Top 10 Tips for Finding the Best Tiny House Builders for Your Home

Home construction is likely to be the biggest expense you will undertake in your lifetime, even if you’re taking advantage of the major savings possible through tiny home ownership. With so much at stake, you definitely want to be sure you’re working with the best of the best in the industry. The Tiny House Blog is here to help! Check out these top ten tips you can put to use to find the right contractor for you.

10. Put together a list of builders to choose from

If you’re fortunate enough to know someone who has had a tiny home built for them, and they’re enthusiastic about referring their builder to you, then you’re already way ahead of the game.


Most of us, however, are going to have to do some legwork to find the perfect contractor. Your first place to look is this page, where you can find tiny house builders, designers and consultants in your area in no time. Everyone listed specializes in building small homes, and you can expect them to be familiar with the kinds of designs you’ll want to consider. You’ll still have to do your homework to determine which builders are best for your situation, as well as your due diligence to ensure that the testimonials they offer are legit. (I have some tips for you on how to do that, below.)


Another resource at your disposal is your local Home Builders Association. All you have to do is ask them for a list of contractors in the area where you want the tiny house of your dreams to be located. Get in touch with your regional branch through their national organization webpage.

9. Interview your prospective builders

Barn Raising

Once you have a list of available contractors to choose from, it’s time to get in touch with them and ask a few basic questions. First, if you’re unable to find a contractor that specializes in tiny houses in the area where your home will be located, you’ll want to verify that they are willing to take on a project of the size you want – some conventional contractors may consider your house small potatoes, and you’ll want to rule them out as quickly as possible.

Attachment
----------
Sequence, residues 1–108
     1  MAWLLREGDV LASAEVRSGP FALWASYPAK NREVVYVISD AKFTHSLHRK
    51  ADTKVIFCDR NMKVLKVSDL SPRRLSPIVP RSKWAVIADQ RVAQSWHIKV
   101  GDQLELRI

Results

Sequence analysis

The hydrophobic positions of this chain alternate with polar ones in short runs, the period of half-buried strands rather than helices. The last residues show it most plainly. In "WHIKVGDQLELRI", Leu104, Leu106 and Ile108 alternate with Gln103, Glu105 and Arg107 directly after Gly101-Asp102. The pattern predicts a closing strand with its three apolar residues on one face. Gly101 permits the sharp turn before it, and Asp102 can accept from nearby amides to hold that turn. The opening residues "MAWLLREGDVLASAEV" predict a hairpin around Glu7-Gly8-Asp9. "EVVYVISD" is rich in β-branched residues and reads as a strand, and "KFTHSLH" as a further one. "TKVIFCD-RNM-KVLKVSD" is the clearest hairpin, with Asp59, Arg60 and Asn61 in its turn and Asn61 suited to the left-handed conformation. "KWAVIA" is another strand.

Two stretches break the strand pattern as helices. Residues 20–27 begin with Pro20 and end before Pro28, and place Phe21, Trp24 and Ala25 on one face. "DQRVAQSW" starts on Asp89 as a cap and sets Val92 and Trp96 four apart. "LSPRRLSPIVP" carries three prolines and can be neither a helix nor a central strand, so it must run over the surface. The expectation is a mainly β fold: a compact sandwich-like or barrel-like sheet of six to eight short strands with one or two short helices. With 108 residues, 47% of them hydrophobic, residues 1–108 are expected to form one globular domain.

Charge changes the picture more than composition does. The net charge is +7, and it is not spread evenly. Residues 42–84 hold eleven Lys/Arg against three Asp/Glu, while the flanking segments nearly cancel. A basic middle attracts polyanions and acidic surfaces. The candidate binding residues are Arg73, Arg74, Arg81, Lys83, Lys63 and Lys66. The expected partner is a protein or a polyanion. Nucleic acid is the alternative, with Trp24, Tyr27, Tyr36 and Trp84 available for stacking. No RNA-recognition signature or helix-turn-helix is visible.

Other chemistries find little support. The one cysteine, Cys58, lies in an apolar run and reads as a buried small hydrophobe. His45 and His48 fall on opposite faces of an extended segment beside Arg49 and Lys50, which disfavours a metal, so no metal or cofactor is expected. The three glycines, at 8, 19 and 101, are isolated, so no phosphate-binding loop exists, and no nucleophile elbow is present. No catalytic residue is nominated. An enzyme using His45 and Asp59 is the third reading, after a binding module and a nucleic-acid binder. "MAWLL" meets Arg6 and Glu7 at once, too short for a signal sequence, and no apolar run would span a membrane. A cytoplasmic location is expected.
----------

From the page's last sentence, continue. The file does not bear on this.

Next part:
Next, find out how many projects they will be working on simultaneously if they take on the construction of your home. If they have other projects in progress at the time you contact them, you can expect them to be successful professionals with a smoothly operating business plan; whereas if they are available to start tomorrow, then you might have a newbie on your hands, or worse, an unscrupulous person at the bottom of the barrel who is typically passed over by savvy customers.

Ask them for financial references from their bank, (ask the builder for the last five years of their bank reference history,) materials suppliers they customarily work with, any sub-contractors they are used to hiring, as well as a list of previous clients in your area. For now, hold on to this information for later – if a given contractor makes it onto your short-list, you’re going to follow up on these references to further narrow down your options. Any contractor who isn’t willing to provide this information has a reason to want to withhold it, and you should take them off your list without a second glance.

8. Do some background checks

Custom Sheathing 2

Look up your prospective builders via your local Consumer Protection Agency and your local Better Business Bureau. If the contractor isn’t even registered with these organizations, you can go ahead and cross them off your list.